Messner Mountain Foundation

MMF – helping others to help themselves

Since simple mountain farmers saved his life on Nanga Parbat in 1970, Reinhold Messner has felt a special bond with the people there. For many years he has been organising help for the inhabitants of remote valleys around the “mountain of destiny” and other inaccessible mountain regions.

The Foundation

With his Messner Mountain Foundation, Reinhold Messner assumes social responsibility for mountain peoples. On the model of helping people to help themselves, the aim is to ensure the survival of the people living high up in the mountains of the Himalayas, Karakoram, Hindu Kush, Andes and Caucasus on the basis of agriculture and tourism.

The foundation’s Executive Board has the following members: Prof. Herbert Henzler, Dr Ulrich Cartellieri, Dr Jürgen Weber, Prof. Ulrich Lehner and Reinhold Messner. One project – a school in the Diamir Valley – has already been completed. A second project is also nearing completion, namely construction of Boulder Village in the Indus Valley (Pakistan) to accommodate the inhabitants of Tato und Muthat, whose villages in the Rakhiot Valley were destroyed by a terrible earthquake in November 2002. Earthquake disaster relief was also provided for the Alai Valley (2005) and Hushe Valley (2007). Aid is currently being supplied in the Hunza Valley following the catastrophic landslide in Attabad on 4 January 2010.

MMF – Messner Mountain Foundation donation account

under the auspices of Bridges Nachlassmanagement GmbH,
Oettingenstrasse 25, D-80538 Munich 

Tel. +49 89 242129
Fax +49 89 242129 10 

HypoVereinsbank AG München
IBAN DE53 7002 0270 0658 7534 44,

For further information, please contact Büro Reinhold Messner

Contact Büro Messner


“The people in the Diamir Valley in the Kashmir region of Pakistan saved my life in 1970 after I performed the first traverse of Nanga Parbat with my brother Günther. All together, I have spent about ten years of my life in Nepal, Bhutan, Peru and Tibet. I owe so much to the mountain peoples. Now I am giving something back.”

Reinhold Messner


School for 50 children

Reinhold Messner is supporting a school construction project for 50 children in the Diamir Valley in the Kashmir region of Pakistan. That is where he was rescued by local people in 1970 after completing the first traverse of Nanga Parbat with his brother Günther. The dramatic scenes on the mountain and the death of his brother are described by Messner in his book “The Naked Mountain”.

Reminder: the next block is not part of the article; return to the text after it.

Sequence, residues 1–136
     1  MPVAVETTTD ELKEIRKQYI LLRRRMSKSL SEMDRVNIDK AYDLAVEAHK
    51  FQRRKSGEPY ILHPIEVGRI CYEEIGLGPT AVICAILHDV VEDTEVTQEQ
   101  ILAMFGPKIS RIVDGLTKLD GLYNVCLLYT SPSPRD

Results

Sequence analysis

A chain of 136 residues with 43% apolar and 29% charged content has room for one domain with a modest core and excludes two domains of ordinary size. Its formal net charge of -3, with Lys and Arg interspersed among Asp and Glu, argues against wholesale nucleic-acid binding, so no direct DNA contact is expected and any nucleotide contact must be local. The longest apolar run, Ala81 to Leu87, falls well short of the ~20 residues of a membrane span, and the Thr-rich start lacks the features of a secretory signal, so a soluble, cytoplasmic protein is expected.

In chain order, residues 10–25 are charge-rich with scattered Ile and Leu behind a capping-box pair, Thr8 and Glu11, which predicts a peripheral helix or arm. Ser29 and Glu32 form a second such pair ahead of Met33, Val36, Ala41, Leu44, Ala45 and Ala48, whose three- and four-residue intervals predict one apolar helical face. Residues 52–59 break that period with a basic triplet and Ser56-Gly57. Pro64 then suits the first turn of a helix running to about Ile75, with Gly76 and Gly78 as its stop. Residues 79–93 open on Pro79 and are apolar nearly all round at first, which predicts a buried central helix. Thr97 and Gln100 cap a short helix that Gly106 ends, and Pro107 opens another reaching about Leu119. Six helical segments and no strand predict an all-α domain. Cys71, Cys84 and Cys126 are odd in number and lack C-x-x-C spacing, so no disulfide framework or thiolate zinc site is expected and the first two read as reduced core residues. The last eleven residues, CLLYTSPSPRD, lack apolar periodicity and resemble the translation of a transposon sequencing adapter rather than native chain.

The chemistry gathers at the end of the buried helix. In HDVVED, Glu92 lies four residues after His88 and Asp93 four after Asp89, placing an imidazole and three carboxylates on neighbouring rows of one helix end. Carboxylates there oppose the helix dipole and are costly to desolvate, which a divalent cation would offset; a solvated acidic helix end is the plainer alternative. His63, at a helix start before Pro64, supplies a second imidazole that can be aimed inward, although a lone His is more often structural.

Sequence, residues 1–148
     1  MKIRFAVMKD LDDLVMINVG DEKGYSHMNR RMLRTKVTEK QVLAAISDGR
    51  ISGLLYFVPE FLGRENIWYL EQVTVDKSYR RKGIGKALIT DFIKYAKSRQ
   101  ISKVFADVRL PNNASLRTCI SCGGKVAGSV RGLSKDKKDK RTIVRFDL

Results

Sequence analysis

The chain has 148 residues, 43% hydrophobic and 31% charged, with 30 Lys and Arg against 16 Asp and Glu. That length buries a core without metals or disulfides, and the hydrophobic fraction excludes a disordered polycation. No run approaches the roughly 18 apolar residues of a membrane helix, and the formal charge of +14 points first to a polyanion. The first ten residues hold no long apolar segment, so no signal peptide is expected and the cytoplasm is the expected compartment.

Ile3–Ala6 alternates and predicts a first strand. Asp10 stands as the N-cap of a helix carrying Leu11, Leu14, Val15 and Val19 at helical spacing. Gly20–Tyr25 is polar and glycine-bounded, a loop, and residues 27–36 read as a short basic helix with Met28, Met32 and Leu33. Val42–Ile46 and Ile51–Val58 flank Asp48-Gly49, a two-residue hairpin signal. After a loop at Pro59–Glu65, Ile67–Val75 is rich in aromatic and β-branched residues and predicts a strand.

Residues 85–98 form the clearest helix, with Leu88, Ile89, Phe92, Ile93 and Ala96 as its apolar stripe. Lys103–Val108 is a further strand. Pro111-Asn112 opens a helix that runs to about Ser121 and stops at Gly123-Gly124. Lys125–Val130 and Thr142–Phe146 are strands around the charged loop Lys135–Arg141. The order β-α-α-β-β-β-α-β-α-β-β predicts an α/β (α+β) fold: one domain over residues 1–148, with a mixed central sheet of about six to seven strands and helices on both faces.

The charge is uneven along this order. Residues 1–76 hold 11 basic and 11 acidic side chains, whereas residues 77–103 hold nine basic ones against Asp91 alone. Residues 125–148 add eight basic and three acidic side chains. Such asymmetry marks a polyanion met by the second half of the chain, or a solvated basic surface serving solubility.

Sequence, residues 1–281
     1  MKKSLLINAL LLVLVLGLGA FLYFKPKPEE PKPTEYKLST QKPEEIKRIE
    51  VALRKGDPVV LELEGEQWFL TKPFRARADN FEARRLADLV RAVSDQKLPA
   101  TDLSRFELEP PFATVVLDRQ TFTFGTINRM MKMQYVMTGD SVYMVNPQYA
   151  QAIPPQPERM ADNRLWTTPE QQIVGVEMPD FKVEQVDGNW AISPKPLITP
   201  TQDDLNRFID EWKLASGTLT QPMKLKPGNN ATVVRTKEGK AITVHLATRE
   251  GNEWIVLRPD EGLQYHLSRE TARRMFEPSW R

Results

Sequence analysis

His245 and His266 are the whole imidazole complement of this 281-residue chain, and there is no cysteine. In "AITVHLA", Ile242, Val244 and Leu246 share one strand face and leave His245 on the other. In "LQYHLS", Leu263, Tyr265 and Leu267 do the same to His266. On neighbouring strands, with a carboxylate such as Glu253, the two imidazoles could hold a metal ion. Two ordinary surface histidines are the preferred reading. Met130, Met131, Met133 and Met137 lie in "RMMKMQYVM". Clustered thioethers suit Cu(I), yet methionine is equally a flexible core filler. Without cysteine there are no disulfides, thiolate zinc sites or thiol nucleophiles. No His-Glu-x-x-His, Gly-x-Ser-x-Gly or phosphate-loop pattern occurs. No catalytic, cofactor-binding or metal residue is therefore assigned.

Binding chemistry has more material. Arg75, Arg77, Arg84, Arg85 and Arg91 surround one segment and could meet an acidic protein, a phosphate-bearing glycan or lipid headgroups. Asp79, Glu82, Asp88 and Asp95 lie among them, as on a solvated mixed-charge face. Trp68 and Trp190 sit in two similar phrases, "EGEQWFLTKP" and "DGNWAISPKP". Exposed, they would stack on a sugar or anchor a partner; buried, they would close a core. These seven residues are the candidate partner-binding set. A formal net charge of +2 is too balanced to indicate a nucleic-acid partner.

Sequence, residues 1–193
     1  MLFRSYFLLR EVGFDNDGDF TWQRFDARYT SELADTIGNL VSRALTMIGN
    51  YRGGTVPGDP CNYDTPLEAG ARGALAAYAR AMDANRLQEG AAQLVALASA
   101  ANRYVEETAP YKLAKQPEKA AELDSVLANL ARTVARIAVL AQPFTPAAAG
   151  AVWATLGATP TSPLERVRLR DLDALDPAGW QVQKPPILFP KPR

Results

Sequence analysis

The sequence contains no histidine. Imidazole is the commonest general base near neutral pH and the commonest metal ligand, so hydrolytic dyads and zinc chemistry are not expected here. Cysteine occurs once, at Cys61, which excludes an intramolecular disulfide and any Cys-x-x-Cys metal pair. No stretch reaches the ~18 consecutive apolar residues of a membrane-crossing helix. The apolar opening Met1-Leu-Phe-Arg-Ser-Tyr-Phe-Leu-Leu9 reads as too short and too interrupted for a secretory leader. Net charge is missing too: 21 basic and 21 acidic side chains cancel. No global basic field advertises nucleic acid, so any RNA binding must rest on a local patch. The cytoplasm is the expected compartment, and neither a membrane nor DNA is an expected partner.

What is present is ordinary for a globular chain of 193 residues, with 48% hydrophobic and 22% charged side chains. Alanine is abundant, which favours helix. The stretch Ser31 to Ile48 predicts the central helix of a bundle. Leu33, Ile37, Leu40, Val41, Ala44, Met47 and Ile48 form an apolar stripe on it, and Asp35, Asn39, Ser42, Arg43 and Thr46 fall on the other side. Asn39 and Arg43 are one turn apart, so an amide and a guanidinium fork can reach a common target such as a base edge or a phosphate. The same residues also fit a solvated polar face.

The school – the first in this valley – is located at an altitude of about 2590 meters. The next school is a 12-hour walk away. Messner’s contribution will cover the salary for a teacher for the first five years. The then President Musharraf assured him that the Pakistani government would assume responsibility for the school after that.

Disaster relief in Pakistan

Pakistan's biggest flood disaster in the last 80 years has already killed thousands of people, and millions more are suffering from hunger and the spread of cholera and other deadly diseases. Maurizio Giuliano, a spokesman for the United Nations, told the Reuters news agency: “The challenges are absolutely enormous and the flooding is not yet over.” Countless bridges and roads have been destroyed, and an unprecedented effort is needed to transport emergency supplies and doctors to the remote valleys of the Karakoram Mountains. According to hikers and mountaineers returning from the area, the entire region is affected by the disaster.

The United Nations is coordinating the relief work but the organisation is overwhelmed by the sheer scale of the destruction. Only a fraction of the 6 million Pakistanis who urgently need food and safe drinking water have so far been supplied, while over a hundred thousand children are threatened by cholera. They need your help. The Reinhold Messner Foundation has been active in the valleys of northern Pakistan for many years, building schools and clinics there. The MMF helped the people of those remote valleys with the reconstruction work following the 2005 earthquake.